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Middle School theatre productions, run after school as part of the extensive Activities programme, provide further opportunities for students with particular talent to further develop and practice the skills, techniques and knowledge they are acquiring in the course, as well as developing their awareness of the power of Drama as a performance art in a wider community and global context. These involve students in a professional process model, and roles are cast through an audition process. They require a high degree of commitment for the rehearsal period.


Music

Music Ensembles

Music provides a continuation of the skills developed in the Primary School and helps prepare students for GCSE Music. The key skills of Listening (Exploring Music in Context), Composing (Creating) and Performing (Interpreting and sharing Music) provide the foundation of the Middle School Music curriculum.

Course content

Visual Art

Grade 6 Each unit involves structured listening and appreciation with a focus on developing music terminology and understanding the ‘elements’ of music. Performance can include voice, keyboards, percussion, ukulele, guitar and mallet percussion along with an opportunity for the students to perform on any instrument they play. We also provide an introductory course on our Javanese gamelan orchestra. Creating (composing) involves group work in developing ‘sound collages’ and individual creating using GarageBand explores programmatic ‘textures’ along with recording and manipulating sounds. Topics include:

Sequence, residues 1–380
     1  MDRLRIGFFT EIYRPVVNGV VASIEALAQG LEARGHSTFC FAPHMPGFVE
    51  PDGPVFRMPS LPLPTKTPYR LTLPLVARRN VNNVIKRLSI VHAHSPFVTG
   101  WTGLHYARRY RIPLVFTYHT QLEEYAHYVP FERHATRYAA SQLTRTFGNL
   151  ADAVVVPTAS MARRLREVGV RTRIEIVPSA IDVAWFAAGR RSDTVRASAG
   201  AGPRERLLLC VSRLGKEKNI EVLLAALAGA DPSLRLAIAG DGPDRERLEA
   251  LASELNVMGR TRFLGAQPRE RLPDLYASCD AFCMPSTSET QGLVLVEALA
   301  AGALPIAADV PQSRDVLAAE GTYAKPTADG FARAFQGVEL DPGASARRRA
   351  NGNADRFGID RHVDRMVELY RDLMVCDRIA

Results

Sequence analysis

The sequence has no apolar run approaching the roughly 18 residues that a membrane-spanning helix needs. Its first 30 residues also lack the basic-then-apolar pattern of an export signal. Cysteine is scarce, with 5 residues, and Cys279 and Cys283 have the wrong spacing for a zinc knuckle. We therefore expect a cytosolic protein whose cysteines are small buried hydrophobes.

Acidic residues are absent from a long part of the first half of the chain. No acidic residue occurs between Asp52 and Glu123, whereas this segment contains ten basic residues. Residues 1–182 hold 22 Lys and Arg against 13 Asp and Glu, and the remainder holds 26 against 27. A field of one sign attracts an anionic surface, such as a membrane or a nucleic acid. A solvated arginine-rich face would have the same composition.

Students receive one double period of Art each week. They are also encouraged to participate in artistic extracurricular activities to enable them to enhance and build upon the skills acquired during lesson time. Open Studio is available after school three days a week to complete or continue classwork and art based homework. Student work is showcased in the Art Department Gallery as well as in the Middle School Art Exhibition at the end of the academic year. The curriculum provides a ‘foundation course’ in which students cover ideas, concepts, process and practical skills in art and design. The three main components are: 1. Context: The exploration of context sets the conditions for personal meaning and intent in artworks.

• the elements of music • programme music • Musique concrete • music of Java/performing on the Javanese gamelan • exploring scales and chords – Eleanor Rigby • musical journeys (world music scales)

Grade 7 The Music curriculum in Grade 7 offers the student a wide range of experiences in the key skills of exploring and listening, creating and performing. Students get involved with group and individual compositional work using a range of instruments and more involved approaches (samples, loops, effects, mixing, composing to video) to music technology using GarageBand. The Grade 7 curriculum presents the students with extensive listening and appreciation and performance including World Music, Western Classical, Pop and Blues.

2. Creating: A creative process provides opportunities for the conception, nurturing and development of artistic ideas. 3. Interpreting and Analysing: Art conveys meaning and provokes a personal response which deepens an understanding of self and others. Through the study of a variety of artists, movements and concepts, both traditional and contemporary, students have the opportunity to develop their skills in the following main areas: drawing, painting, sculpture, printmaking, digital media and photography, contextual and critical thinking. Themes, contexts and artists have been chosen to: • provide stimulating starting points for practical work • follow a progression of complexity which allows the pupils to develop and strengthen different skills during the year • showcase a mix of male/female and past, present and emerging artists